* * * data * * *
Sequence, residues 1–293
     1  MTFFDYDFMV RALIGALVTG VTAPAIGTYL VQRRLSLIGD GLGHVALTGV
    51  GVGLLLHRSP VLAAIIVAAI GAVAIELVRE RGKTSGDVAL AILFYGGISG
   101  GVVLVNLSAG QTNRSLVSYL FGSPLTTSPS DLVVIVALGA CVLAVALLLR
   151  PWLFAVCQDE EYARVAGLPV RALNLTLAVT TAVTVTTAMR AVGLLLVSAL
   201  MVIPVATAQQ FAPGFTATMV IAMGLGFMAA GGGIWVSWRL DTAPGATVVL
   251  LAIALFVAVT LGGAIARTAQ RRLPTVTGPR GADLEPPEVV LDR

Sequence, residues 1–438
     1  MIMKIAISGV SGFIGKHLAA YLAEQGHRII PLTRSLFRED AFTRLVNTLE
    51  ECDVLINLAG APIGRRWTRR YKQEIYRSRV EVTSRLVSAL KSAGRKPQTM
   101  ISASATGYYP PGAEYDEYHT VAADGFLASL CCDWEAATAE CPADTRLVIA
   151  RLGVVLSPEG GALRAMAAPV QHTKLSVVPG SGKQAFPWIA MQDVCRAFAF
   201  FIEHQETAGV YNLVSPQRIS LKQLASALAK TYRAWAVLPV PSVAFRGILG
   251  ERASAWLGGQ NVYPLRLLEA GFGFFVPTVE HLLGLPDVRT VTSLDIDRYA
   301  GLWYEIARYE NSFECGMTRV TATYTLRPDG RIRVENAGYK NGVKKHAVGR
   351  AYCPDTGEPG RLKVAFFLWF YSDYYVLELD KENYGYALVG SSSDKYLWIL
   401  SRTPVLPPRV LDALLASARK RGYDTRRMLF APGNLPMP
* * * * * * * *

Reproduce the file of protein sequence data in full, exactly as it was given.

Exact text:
Sequence, residues 1–293
     1  MTFFDYDFMV RALIGALVTG VTAPAIGTYL VQRRLSLIGD GLGHVALTGV
    51  GVGLLLHRSP VLAAIIVAAI GAVAIELVRE RGKTSGDVAL AILFYGGISG
   101  GVVLVNLSAG QTNRSLVSYL FGSPLTTSPS DLVVIVALGA CVLAVALLLR
   151  PWLFAVCQDE EYARVAGLPV RALNLTLAVT TAVTVTTAMR AVGLLLVSAL
   201  MVIPVATAQQ FAPGFTATMV IAMGLGFMAA GGGIWVSWRL DTAPGATVVL
   251  LAIALFVAVT LGGAIARTAQ RRLPTVTGPR GADLEPPEVV LDR

Sequence, residues 1–438
     1  MIMKIAISGV SGFIGKHLAA YLAEQGHRII PLTRSLFRED AFTRLVNTLE
    51  ECDVLINLAG APIGRRWTRR YKQEIYRSRV EVTSRLVSAL KSAGRKPQTM
   101  ISASATGYYP PGAEYDEYHT VAADGFLASL CCDWEAATAE CPADTRLVIA
   151  RLGVVLSPEG GALRAMAAPV QHTKLSVVPG SGKQAFPWIA MQDVCRAFAF
   201  FIEHQETAGV YNLVSPQRIS LKQLASALAK TYRAWAVLPV PSVAFRGILG
   251  ERASAWLGGQ NVYPLRLLEA GFGFFVPTVE HLLGLPDVRT VTSLDIDRYA
   301  GLWYEIARYE NSFECGMTRV TATYTLRPDG RIRVENAGYK NGVKKHAVGR
   351  AYCPDTGEPG RLKVAFFLWF YSDYYVLELD KENYGYALVG SSSDKYLWIL
   401  SRTPVLPPRV LDALLASARK RGYDTRRMLF APGNLPMP